Watch: Plan B – “ill Manors”

13 Mar

“Too many protest singers, not enough protest songs”.

In a dazzling volte face from his Strickland Banks persona, Plan B has returned to his rap roots and is spitting fury and social commentary the likes of which has not been seen in the UK for far too long. Simply put, this could well be the most important piece of music released this year.

There is a lot of hype, controversy, misreporting and bullshit surrounding this track so we urge you, take time to not only listen to the song, to watch the video, but spend 15 minutes with the Plan B interview below where he explains his thought process behind the song and what he is trying to represent. One thing it is not, is the glorification of violence and gang culture.

Plan B interview on Radio 1Xtra

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3 Responses to “Watch: Plan B – “ill Manors””

  1. Adam S March 13, 2012 at 22:58 #

    Most exciting thing in the UK right now. Deserves a lot of plaudits and credit for sticking with his promise to return to rap.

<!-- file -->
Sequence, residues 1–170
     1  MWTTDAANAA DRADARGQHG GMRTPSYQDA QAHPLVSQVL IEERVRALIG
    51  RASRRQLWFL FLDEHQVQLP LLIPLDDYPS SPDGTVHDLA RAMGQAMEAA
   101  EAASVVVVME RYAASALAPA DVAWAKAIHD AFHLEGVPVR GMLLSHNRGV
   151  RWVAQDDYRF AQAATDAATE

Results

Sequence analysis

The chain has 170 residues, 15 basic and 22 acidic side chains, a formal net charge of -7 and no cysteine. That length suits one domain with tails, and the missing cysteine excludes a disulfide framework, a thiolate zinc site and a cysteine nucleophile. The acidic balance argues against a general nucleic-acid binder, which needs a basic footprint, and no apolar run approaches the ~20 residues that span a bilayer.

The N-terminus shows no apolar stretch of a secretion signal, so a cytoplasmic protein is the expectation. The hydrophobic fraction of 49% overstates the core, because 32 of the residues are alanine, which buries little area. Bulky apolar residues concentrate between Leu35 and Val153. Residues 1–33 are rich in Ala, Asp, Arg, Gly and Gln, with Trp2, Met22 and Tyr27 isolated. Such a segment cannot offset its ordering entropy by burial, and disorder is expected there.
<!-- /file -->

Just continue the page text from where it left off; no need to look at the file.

The best thing I’ve heard in 2012.

    • Adam H March 13, 2012 at 23:09 #

      I agree. I was blown away not only by the precision with which he has dissected the perceptions of certain social classes on another, but it is a such a fantastic track as well.

      It’s compulsive in sound and content. I am entirely engaged in this and wanting to hear more.

      Didn’t get that from Stickland Banks, that’s for sure.

  2. name not supplied March 24, 2012 at 20:07 #

    I accept what he is saying in the video, and no, I dont think he is glorifying gang culture or condoning the riots. I dont think he is saying everyone who grows up in poverty or with uneducated parents somehow doesn’t know that nicking trainers is wrong but I get what he’s saying about social structure and the fueling the fire of being socially outcast by where you live, but mmmmm…not sure I would go as far as to say its the same as race/sexuality. There is a small element of choice (and it IS small, most do stay where they are) to remain in the ‘class’ you grew up in. You are not afforded a choice wrt your race or sexuality, you are who you are. I try so hard to not let my upbringing define who I am. I AM working class, from a council estate, from a violent family and two of my family live literally round the corner from where we grew up. I love them and I dont see them or myself as ‘Chavs’ though I accept other people would….I now live in my own house, in a quiet leafy suburb and I have two degrees…it was my choice to leave, and theirs to stay.
    But the track is very thought provoking, well done Him.

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